Olimp3kSignUp jan19I’ll admit a bias here. Though I was never a forward myself I just love it when the brick shit house, the tall timber, the big boys, the fatties either get over for an unlikely score or play an important role in the lead-up to a try – it just catches my eye more than when it is pulled off by the fast, skinny blokes alone. On that note I’d like to jump right into a few of these moments that we witnessed during the last full round of Super Rugby in 2019.






After a bash up in midfield, just inside their own half, the Jaguares shipped the ball to Guido Petti who proceeded to break the line and then swerve two more would-be Jap defenders before being reigned in – but he still had enough time and the presence to hit Juan Cruz with the final offload. It was a brut of a run from the big unit which had a beautiful result. Apart from this score the Jags comfortably had more bite than the limping Sunwolves in Buenos Aires.

The “lock-down” came at the Westpac Stadium. Fletcher-Smith ran onto a clever chip and offloaded to big second rower Isaia Walker-Leawere who came charging through in support. The big man fancied himself to be a centre slicing the line and stepped inside an attempted SBW tackle and then pumped his tree-trunk like legs to get over the line. Go you good thing! This try was also part of the dramatic second half comeback of the Hurricanes as they turned a 5-24 deficit against the Blues into a victory.



Also at Westpac the try which pulled the Canes clear was in no small part influenced by Alex Fidow, the replacement tighthead. From an innocuous looking position on the field Fidow carried the ball up with power and broke threw the tackle before getting a great offload away (to a more speedy outside back) out of the final tackle and this ensured an easy run-in under the sticks.

In the Brumbies versus Reds game Taniela Tupou exhibited his incredible skill be putting in a long distance punt! But arguably the try of the week came courtesy of an important role played by a fatty… Quade Cooper stabbed an attacking grubber through into the 22-meter area with his midfielders looking to run onto a favourable bounce. Instead Debreczeni covered well and ran the ball back with intent. The flyhalf fed Anton Lienert-Brown and then Brad Weber carried the breakout further into the opposition’s quarter. Impressively tighthead, Angus Taavao did incredibly well to be on hand (surely near on fifty meters from where the last ruck was!) before feeding Sam Cane with the final pass. I hope someone bought the big man a beer and a Maccie D’s after the game.



Coming into the weekend we had a number of teams either just about in a comfortable playoff position and others pretty much prone standing sprawled over a barrel with their pants down and hearing a belt being loosened behind them.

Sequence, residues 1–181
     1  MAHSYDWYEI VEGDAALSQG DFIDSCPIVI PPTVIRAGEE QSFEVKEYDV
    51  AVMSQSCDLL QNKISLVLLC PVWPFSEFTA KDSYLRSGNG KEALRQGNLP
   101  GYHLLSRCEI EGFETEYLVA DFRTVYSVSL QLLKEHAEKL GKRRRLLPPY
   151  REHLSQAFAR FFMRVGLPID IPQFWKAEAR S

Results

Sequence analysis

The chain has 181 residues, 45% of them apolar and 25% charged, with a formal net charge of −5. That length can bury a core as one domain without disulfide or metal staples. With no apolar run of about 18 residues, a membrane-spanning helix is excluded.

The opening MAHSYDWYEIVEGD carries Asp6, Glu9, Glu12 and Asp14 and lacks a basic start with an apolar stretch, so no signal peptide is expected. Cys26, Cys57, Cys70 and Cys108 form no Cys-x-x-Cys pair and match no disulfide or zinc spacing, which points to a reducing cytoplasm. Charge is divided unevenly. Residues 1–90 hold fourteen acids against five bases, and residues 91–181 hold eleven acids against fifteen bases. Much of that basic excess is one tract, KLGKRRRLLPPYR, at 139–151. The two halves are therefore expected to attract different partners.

Both the Highlanders and Chiefs took matters into their own hands and did all they could – i.e. come away from their respective clashes against the Waratahs and Rebels with the maximum haul of five points. Both these Kiwi sides dramatically leapfrogged the Rebels, Stormers and Lions to remain alive in the competition for at least one more week.

The Rebels continued their miserable second half of the season. A fourth loss out of five games and their second big hiding at the hand of a Kiwi team left the David Wessels’ side bruised and abused down in a sad 11th spot. The Stormers needed to get the job done over the Sharks and had their how lair as advantage to do so. Yet in a great advertisement for not allowing the grand total of eight teams to progress to the playoffs both these sides stunk up Newlands for near on 80 minutes. In normal playing time the only try came from a desperate defensive kick-through five meters form their own line by the Sharks. The one and only highlight was the numerous phases the visitors were able to go though and the patience they showed before Am’s match-winning score. The Lions were the other team who left their fans in tears as they came horribly unstuck against the Bulls – managing only two tries whilst conceding seven in a Loftus lashing.



Will Miller of the Tahs had one of those moments that you would like to forget in a hurry. He did incredibly well to scramble back in cover following a long kick through but then, having made it to the ball first, somehow proceeded to drop the ball cold and hand the easiest of pick up and score opportunities for Josh McKay.



The Lions started with a bang that would leave a teenage first-time in shape as they finished well inside a minute for the opening score of the game. Despite this early setback the Bulls exhibited Champagne rugby for the next twenty minutes as they effectively put the game to bed with four tries in the opening quarter of the contest. And just as the Lions looked to make a comeback Cornal Hendricks finished with aplomb as his quick step and round-the-outside put the match beyond doubt. A finish any winger would be proud of!


Your resident Couch Critic




Who is Couch Critic?

Hein Diemont is the resident “Couch Critic” in the Goodforthegame Forum and he shares his weekly Super Rugby and Sports Betting Blog the “Post Match Scuffle” or “PMS” with us.

In his blog Couch Critic channels his usual weekend swearing, ranting, cheering, whinging and bickering to the written word. Brutally honest opinions of how the Super Rugby action went down from his perspective – no punches pulled, it’s PMS time…

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